Sunday, December 12, 2004

Movie Review: National Treasure

This fourth installment in the Indiana Jones saga has the intrepid Dr. Jones searching for lost treasure in exotic locations with strange names such as "Philadelphia", "Washington, D.C.", and "New York". This time around, Harrison Ford is looking pretty young, and amazingly like Nicolas Cage. Seriously, it's uncanny. Not much else is different in this sequel, however.

Early into the movie Indy figures out that in order to find the latest treasure he is after, he must locate a map left by the Founding Fathers. Conveniently, Thomas Jefferson and crew had decided to put this map on the back of the Declaration of Independence. This makes perfect sense, since we all know how much the Fathers of Our Country hated to waste paper. The movie gets even more logical from this point. It turns out the reason the Founding Fathers knew the location of this treasure is because they were all Masons. Apparently, Masons have done alot more throughout history than manufacture those handy glass jars for canning peaches.

Inexplicably, government officials unreasonably refuse to hand over the Declaration to our hero. That wouldn't be so much of a problem, except that there is a rich bad guy who also knows about the map and is determined to steal the document on which it is written. Employing the infallible logic that is so often employed in this movie, Indiana decides that the only way to save the Declaration is to steal it. After all, it would be much safer in his hands than those of the federal agents who are trained to protect it.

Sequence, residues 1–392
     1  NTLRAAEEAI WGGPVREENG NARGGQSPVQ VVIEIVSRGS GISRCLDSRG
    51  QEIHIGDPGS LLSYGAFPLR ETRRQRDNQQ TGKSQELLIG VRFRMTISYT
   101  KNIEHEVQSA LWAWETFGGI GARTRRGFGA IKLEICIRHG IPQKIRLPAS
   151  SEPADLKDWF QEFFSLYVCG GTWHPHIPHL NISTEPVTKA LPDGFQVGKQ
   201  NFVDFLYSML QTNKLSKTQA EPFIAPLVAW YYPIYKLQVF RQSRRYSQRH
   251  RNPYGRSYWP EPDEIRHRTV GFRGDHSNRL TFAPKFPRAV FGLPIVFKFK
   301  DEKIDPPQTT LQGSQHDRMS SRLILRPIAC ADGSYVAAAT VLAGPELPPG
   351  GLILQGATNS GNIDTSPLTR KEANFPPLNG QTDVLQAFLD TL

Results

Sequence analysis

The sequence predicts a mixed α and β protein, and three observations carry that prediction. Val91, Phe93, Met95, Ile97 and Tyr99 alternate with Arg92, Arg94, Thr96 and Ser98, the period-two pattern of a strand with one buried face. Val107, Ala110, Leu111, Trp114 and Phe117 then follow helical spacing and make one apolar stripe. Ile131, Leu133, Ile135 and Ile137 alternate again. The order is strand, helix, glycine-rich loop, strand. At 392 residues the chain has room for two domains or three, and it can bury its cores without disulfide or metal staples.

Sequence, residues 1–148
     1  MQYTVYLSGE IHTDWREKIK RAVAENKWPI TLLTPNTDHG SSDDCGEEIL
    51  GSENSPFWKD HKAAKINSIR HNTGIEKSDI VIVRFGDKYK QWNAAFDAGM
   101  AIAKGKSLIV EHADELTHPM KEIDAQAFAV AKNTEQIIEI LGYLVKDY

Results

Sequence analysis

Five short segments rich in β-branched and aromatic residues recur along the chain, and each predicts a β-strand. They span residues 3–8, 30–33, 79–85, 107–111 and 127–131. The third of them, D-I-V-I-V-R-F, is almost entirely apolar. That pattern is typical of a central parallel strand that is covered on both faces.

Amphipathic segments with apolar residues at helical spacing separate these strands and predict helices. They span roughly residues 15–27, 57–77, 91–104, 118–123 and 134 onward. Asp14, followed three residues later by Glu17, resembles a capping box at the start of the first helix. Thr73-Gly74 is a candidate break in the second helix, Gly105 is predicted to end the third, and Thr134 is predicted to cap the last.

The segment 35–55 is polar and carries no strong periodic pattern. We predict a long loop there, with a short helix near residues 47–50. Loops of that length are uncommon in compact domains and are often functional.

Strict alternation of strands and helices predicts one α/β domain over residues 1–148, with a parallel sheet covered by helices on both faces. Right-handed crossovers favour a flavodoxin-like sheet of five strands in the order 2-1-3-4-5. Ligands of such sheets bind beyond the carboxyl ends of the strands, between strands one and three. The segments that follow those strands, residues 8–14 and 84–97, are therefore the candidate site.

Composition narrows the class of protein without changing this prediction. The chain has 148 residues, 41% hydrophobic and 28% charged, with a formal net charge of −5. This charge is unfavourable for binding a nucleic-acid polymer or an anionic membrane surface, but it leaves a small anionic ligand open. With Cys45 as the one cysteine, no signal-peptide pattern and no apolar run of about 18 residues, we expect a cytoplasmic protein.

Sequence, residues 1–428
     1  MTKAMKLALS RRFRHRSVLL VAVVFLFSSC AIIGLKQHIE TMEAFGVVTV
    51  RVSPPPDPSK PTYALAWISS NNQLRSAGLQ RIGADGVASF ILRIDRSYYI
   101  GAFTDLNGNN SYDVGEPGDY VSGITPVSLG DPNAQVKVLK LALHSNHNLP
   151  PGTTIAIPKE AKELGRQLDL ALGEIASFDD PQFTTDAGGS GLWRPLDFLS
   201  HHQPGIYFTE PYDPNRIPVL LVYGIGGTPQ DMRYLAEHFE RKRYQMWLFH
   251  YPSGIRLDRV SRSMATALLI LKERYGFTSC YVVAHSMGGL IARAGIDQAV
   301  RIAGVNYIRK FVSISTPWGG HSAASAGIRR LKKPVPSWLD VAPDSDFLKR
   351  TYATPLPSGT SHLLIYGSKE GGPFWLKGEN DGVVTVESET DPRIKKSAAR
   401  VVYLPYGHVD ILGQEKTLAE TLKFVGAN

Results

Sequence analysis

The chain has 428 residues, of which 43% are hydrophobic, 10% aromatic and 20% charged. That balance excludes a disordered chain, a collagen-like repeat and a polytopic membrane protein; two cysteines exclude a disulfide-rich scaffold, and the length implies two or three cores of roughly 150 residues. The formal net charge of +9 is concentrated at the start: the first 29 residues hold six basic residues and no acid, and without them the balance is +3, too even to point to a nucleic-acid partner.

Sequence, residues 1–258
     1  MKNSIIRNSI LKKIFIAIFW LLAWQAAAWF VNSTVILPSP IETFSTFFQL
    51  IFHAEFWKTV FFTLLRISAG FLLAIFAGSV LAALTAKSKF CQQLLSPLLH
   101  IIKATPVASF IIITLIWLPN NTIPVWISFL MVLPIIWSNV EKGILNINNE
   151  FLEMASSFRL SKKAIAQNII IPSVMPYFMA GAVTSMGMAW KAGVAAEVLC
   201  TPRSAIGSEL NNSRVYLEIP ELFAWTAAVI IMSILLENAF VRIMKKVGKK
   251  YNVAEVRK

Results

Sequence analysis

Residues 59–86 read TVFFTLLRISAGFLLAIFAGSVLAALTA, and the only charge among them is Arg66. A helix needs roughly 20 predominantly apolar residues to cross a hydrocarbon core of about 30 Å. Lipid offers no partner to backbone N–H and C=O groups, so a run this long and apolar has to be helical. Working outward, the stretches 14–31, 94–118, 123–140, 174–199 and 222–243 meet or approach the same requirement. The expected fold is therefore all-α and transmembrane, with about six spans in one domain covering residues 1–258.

For some reason, this reasoning is beyond the grasp of the FBI. They decide to actually chase Jones who is only trying to protect a sacred relic. The bad guys give chase as well. Hilarity ensues (not really, but I always wanted to use the phrase "hilarity ensues" and I couldn't fit it in anywhere else in this review).

Much can be learned from this movie as the story progresses. For instance, the security in and around our national monuments is alarmingly poor. Also, a 200-yr-old document like the Declaration can apparently just be rolled up and safely stored in an ordinary poster tube.

I can't talk about the best part of this movie, because it is the ending and I don't want to give away the ending. It is such a surprise, and you will never guess how this movie ends. Unless, that is, you guess that the hero finds the treasure, avoids prison, and gets the girl. Then I would say you're right on target. Though, if you guessed that, you must have seen an advance copy of the script, because I never saw that coming.

Using the new simplified rating system which I came up with myself, I give this movie a 17.75 stars out of a possible 23. I think it is obvious why I didn't give it a full 19.5 stars.

National Treasure - starring Harrison Ford, directed by George Lucas
17.75 stars out of 23

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